by Randy Sabourin
I believe that the most important things that happen at any organization are conversations. They are the reason we innovate, collaborate, sell, lead, coach, change, succeed, or fail. A salesperson who struggles to have meaningful customer conversations, a leader who is misunderstood when implementing strategy, or a manager who prefers to avoid coaching conversations are all negatively affecting their organizations. Given its significance to success, why is it that most organizations and individuals take their ability to execute a great conversation for granted? Understanding how we communicate with each other and how we influence and collaborate should be discussed, taught, and – most importantly – practiced.
The fundamentals of a good conversation remain consistent across a variety of business and personal situations. Training programs in sales or customer service, negotiation, coaching, and leadership all contain the same foundational elements. These are often re-taught or re-invented by providers to package a complete solution. These programs require a detailed list of skills for participants to master. For example, when learning how to coach it is critical to understand many steps – or skills – such as establishing trust, setting an agenda, observing behavior, giving feedback, gaining commitment, and many more. It is important to receive feedback on these individual skills so that they can be understood and leveraged. In each program, the number of measurable skills to learn and practice can range from ten to thirty.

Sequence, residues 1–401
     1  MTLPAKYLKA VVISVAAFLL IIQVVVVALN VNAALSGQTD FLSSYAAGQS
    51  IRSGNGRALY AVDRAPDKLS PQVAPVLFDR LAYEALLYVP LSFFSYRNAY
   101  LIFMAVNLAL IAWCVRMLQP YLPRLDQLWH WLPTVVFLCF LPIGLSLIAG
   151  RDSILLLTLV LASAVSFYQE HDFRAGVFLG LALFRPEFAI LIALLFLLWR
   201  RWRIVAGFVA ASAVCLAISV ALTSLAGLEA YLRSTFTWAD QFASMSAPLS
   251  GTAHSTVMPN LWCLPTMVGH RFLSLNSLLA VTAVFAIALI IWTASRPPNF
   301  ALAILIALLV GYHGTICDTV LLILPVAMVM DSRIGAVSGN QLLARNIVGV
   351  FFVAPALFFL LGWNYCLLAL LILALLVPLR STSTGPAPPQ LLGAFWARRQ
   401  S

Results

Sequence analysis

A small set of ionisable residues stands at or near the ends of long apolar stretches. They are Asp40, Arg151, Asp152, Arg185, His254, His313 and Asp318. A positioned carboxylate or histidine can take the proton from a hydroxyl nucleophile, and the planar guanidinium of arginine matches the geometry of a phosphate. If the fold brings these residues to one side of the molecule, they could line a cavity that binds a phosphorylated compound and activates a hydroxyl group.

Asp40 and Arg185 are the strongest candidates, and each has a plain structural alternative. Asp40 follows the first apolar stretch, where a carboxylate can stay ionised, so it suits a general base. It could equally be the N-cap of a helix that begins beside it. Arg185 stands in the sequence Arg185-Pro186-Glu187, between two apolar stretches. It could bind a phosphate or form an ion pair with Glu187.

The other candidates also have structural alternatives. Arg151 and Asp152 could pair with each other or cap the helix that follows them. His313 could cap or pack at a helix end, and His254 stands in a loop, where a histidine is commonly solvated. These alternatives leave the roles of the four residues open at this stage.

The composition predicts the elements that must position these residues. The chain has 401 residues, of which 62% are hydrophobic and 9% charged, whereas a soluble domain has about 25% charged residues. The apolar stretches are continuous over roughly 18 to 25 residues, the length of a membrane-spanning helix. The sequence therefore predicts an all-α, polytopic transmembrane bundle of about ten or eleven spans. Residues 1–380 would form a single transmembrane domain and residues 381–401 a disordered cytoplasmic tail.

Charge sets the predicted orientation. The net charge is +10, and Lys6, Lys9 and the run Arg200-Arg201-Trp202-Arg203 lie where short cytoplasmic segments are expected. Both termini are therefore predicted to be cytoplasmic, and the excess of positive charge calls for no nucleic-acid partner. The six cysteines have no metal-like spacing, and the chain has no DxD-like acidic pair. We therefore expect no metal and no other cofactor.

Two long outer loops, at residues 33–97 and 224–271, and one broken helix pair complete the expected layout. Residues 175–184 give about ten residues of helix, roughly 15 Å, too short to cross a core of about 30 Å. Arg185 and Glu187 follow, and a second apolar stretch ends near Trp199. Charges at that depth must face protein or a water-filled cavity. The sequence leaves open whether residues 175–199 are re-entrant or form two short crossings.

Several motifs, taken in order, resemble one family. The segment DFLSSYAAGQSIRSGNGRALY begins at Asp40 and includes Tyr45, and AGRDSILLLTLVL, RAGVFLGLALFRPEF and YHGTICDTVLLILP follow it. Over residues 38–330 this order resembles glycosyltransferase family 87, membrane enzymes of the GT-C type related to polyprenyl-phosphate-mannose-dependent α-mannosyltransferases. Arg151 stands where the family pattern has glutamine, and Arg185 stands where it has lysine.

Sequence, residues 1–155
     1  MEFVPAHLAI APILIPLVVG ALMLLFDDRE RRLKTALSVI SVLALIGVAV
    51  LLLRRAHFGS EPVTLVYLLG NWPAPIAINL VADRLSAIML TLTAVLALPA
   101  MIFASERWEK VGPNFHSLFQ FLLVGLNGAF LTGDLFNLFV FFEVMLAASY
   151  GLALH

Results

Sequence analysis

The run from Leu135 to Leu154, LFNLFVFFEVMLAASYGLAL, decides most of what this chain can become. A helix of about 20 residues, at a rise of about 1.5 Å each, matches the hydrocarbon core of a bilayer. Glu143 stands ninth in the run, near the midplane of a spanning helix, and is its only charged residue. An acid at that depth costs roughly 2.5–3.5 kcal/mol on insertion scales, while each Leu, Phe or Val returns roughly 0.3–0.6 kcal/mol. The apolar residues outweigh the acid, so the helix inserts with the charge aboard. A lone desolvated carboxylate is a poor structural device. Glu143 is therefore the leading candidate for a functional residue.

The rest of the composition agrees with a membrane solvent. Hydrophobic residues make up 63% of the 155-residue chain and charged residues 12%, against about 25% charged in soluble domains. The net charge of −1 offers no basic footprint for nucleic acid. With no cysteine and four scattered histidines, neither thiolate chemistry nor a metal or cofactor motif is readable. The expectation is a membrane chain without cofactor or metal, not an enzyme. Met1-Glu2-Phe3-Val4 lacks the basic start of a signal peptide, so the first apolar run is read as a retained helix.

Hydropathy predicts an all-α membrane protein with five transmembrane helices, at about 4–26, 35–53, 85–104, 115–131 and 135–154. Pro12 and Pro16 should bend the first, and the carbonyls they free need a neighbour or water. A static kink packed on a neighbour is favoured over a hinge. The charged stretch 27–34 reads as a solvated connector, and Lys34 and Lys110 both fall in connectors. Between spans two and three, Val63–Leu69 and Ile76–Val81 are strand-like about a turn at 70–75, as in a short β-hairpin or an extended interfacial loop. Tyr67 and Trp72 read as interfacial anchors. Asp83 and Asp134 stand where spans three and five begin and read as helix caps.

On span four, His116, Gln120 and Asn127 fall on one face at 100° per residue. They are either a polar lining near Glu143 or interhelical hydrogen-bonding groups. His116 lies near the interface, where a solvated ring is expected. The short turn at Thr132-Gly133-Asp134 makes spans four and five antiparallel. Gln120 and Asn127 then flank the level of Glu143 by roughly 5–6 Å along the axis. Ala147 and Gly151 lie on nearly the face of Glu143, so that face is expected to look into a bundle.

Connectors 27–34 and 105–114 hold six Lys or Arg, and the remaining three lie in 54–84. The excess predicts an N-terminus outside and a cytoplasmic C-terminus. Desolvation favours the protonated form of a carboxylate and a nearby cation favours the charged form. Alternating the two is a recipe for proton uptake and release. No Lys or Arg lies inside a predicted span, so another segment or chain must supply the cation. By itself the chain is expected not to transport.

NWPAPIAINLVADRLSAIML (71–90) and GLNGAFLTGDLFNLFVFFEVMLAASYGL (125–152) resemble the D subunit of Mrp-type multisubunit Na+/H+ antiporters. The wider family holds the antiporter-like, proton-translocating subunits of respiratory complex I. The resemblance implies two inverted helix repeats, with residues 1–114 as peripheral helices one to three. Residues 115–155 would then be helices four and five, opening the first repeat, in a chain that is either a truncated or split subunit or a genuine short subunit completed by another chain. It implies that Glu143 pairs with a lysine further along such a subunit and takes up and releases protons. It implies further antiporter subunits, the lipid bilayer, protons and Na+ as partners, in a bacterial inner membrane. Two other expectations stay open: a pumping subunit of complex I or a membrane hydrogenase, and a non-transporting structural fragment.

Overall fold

During an actual conversation, it is unrealistic, complicated, and even a distraction to try and recall every step within each process and program we have learned. Brain-based learning research tells us that when we are engaged in a conversation – listening, understanding new ideas, and adapting our opinions – we require a much simpler model to simply recall the various skills associated with the exchange.
There are four foundational elements that can be applied to business or personal conversations, and that are simple enough to stick. They act as an effective foundation for any communication-based program.